Fat Kids Have Fat Friends, Study Says

Fat kids are twice as likely to have friends who are overweight, according to a new study out of the University of Southern California Keck School of Medicine. The study examined the social networking behaviors of Los Angeles area students to raise awareness about the social impact of obesity among adolescents.

fat friendsSocial networking means more than just logging on to Facebook. For kids, it can be “social fatworking” as well. At least that’s what researchers from University of Southern California found in a recent study.

According to an investigative team from USC’s Institute for Health Promotion and Disease Prevention Research at the Keck School of Medicine, overweight youth are twice as likely to have overweight friends.

Now, it’s no secret that overweight adults tend to have overweight peers. There’s no shortage of beer bellies down at the Lodge. But, the new study reveals for the first time that obese children tend to start hanging out with other obese kids earlier than anyone thought – and that can reinforce the kind of negative behaviors that made the fat in the first place.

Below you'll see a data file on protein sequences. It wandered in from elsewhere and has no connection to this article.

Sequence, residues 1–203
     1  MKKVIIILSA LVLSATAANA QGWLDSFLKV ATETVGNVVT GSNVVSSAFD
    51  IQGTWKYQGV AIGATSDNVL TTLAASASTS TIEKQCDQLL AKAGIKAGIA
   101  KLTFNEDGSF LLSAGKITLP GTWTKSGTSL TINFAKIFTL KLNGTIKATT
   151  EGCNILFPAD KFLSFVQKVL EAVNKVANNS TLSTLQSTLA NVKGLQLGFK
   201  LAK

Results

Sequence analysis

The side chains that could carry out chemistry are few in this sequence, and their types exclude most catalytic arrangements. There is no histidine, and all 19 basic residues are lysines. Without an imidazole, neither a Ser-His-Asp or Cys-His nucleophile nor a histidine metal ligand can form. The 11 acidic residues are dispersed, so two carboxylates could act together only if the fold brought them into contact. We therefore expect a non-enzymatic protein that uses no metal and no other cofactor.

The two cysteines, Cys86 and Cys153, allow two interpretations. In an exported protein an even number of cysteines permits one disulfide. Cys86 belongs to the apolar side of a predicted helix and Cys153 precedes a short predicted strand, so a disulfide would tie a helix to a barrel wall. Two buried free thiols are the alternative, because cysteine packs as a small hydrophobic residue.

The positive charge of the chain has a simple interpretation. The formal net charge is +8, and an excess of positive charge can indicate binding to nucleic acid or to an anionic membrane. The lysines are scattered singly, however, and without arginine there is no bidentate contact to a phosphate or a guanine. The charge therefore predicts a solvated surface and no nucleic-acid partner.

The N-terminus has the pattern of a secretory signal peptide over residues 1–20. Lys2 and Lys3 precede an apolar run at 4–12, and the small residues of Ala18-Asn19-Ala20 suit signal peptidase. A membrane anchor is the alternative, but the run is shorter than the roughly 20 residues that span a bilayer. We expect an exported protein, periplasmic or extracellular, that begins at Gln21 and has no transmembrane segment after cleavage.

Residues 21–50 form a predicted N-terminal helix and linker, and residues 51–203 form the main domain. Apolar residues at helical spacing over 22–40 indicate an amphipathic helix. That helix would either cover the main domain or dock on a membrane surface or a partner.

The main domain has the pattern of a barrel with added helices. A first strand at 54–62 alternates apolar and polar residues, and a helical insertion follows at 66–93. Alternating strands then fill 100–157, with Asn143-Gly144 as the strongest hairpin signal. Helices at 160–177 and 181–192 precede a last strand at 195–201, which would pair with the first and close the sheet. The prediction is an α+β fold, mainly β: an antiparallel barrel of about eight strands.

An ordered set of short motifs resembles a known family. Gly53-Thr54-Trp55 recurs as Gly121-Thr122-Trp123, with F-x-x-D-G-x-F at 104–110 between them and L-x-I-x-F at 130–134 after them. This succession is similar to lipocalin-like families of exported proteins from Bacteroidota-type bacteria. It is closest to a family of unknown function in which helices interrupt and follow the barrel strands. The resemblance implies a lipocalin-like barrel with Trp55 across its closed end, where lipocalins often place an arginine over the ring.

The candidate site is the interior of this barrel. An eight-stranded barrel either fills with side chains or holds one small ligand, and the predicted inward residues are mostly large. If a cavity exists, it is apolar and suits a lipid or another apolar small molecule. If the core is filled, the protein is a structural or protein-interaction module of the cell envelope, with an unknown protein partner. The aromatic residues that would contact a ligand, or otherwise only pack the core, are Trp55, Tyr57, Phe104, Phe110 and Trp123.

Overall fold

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The study examined the social networking behaviors of more than 600 students ranging in age from 11 to 13, all from the greater Los Angeles area. After crunching the numbers, the team at USC discovered that the adolescents who were overweight were significantly more likely to have overweight friends when compared to kids of normal weight.

And that’s not the worst of it. As anyone who attended junior high school knows, there’s a price to be paid for being different at that age – and overweight kids pay big. The bill is particularly steep for plus-sized girls. The researchers found that overweight girls were more likely to have a long list of friends — but less likely than normal-weight girls to be named as a friend. Ouch.

While the conclusions reached by this study seem obvious at first – who doesn’t know that the fat kids all sit together in the cafeteria? – the researchers behind it point out that the real lesson here is for parents, educators, and caregivers.

They hope that the study will prompt greater awareness among those responsible for kids of the social impact of obesity among adolescents.

They also hope that further studies examining a greater cross-section of young people will be done in order to more accurately assess the effect obesity can have on the social lives of adolescents.